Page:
“Fresh new scent!” is a frequent product pitch, and supermarket shelves groan with seemingly endless varieties of soaps, moisturizers, cleaners, air fresheners and more that vaunt their alleged nose-pleasing qualities.
While the FDA requires the manufacturers it oversees to list “fragrance” as an ingredient in their scented products, current laws don’t require disclosure of the compounds used. And the Consumer Product Safety Commission (which regulates cleaning supplies, air fresheners and laundry products) does not require “fragrance” to be mentioned, or require disclosure of what its components might be.
A 2011 study published in Environmental Impact Assessment Review by researchers at the University of Washington, the Battelle Memorial Institute and the U.S. Environmental Protection Agency, “Fragranced Consumer Products: Chemicals Emitted, Ingredients Unlisted,” analyzed 25 scented products using a gas chromatography/mass spectrometry. The tested products included laundry and dish detergents, fabric softeners, cleaners, soaps, disinfectants, hand sanitizers, lotions, deodorants and shampoos.
The study’s findings include:
- The products tested emitted more than 130 different volatile organic compounds (VOCs). Of these, “24 are classified as toxic or hazardous under U.S. federal laws, and each product emitted at least 1 of these compounds.”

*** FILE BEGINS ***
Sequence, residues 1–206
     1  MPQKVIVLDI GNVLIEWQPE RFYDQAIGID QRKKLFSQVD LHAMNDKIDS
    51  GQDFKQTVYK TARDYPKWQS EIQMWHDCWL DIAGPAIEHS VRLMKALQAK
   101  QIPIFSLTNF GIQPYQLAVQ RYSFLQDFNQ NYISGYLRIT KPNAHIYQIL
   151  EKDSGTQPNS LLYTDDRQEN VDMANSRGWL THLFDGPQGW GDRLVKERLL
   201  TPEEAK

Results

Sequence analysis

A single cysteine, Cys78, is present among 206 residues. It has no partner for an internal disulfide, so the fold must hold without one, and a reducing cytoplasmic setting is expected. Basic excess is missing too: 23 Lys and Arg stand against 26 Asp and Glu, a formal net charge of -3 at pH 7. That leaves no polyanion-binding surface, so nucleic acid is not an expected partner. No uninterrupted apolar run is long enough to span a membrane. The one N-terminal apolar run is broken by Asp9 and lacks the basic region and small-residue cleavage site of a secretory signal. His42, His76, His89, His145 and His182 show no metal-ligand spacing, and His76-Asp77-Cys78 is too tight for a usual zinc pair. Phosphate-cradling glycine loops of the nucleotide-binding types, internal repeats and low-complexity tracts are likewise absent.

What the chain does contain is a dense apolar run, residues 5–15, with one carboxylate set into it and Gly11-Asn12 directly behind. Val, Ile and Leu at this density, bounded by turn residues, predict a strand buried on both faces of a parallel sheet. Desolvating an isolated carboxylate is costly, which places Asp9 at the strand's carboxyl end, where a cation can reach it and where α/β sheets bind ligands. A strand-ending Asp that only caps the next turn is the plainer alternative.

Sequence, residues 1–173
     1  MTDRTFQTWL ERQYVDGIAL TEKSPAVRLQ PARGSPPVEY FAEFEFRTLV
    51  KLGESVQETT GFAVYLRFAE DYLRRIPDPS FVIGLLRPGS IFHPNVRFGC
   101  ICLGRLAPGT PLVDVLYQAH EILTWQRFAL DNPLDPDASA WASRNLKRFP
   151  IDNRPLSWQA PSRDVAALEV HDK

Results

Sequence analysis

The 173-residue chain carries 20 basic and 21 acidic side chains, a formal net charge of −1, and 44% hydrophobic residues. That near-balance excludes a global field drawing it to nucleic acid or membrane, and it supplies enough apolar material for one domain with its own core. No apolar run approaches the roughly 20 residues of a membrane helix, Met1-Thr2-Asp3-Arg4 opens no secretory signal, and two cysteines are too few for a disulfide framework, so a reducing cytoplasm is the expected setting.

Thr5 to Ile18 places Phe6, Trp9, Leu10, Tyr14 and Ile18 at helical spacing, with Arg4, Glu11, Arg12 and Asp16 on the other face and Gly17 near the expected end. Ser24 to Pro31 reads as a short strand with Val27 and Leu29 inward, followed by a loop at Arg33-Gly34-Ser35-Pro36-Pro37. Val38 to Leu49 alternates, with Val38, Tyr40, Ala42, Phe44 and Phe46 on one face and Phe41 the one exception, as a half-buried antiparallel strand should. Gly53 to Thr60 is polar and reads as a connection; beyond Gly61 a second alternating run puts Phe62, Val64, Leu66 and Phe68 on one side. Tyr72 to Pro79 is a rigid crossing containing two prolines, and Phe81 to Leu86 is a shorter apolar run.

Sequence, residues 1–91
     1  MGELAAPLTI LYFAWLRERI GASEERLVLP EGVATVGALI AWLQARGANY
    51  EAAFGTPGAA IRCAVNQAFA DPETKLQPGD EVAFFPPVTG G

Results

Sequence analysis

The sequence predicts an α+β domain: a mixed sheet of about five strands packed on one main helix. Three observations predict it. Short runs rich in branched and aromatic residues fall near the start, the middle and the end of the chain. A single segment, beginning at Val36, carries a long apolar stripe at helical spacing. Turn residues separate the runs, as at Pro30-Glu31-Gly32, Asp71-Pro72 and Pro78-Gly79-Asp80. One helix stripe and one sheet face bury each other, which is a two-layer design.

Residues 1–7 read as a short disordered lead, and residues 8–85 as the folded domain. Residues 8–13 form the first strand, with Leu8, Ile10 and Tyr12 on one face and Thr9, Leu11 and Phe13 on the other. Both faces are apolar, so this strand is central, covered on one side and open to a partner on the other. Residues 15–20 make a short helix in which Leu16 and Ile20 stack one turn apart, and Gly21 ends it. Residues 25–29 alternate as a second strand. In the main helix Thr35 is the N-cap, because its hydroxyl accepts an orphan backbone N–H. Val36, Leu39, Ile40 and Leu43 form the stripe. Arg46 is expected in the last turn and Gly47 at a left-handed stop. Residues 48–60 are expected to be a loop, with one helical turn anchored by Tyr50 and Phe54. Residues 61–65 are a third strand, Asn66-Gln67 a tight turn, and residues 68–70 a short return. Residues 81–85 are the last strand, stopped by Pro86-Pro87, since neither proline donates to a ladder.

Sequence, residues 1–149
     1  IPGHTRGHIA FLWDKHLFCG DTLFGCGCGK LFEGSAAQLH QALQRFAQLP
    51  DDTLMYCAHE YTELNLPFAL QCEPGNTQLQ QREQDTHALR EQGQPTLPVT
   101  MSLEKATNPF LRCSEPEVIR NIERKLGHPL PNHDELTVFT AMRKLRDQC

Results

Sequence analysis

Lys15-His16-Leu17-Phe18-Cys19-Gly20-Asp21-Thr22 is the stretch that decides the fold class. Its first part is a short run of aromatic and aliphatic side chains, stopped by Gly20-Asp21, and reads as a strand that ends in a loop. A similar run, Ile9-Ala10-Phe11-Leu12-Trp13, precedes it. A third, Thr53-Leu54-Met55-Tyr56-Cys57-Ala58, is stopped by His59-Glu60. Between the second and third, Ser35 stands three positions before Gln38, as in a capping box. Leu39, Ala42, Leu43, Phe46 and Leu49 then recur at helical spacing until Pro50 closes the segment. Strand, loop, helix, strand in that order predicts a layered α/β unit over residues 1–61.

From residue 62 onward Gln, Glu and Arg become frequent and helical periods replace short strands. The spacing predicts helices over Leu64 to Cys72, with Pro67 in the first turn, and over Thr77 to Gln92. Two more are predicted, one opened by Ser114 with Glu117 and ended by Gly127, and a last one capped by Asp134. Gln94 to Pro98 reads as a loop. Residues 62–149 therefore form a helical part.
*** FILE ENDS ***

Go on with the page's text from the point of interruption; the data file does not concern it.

- The average product emitted more than 17 VOCs. Of these, 1 to 8 were toxic or hazardous.
- Nearly half the products generated at least 1 of 4 carcinogenic air pollutants (acetaldehyde, 1,4-dioxane, formaldehyde, and methylene chloride).
- Of all VOCs identified, only one was listed on a product label and only two were listed on any material safety data sheet (MSDS).
- Products labeled as “green” or “natural” did not emit significantly fewer VOCs than other products.
- Overall, “none of the products listed all chemicals emitted, and 14 of the product labels did not list ‘fragrance’ (or a similar word), yet this appears to comply with U.S. laws.”
The researchers did not examine the possible risks of using scented products, but instead sought to better understanding product emissions and the broader implications. “Would listing all product chemicals, potentially hundreds, create false alarm? Or would listing some (but not all) ingredients create false assurance?” they ask. “With widespread attention to consumer products, these findings can contribute to further study and collaboration among scientists, policy makers, producers, and the public.”
Keywords: pollution, safety, consumer affairs, cancer, perfume, scented products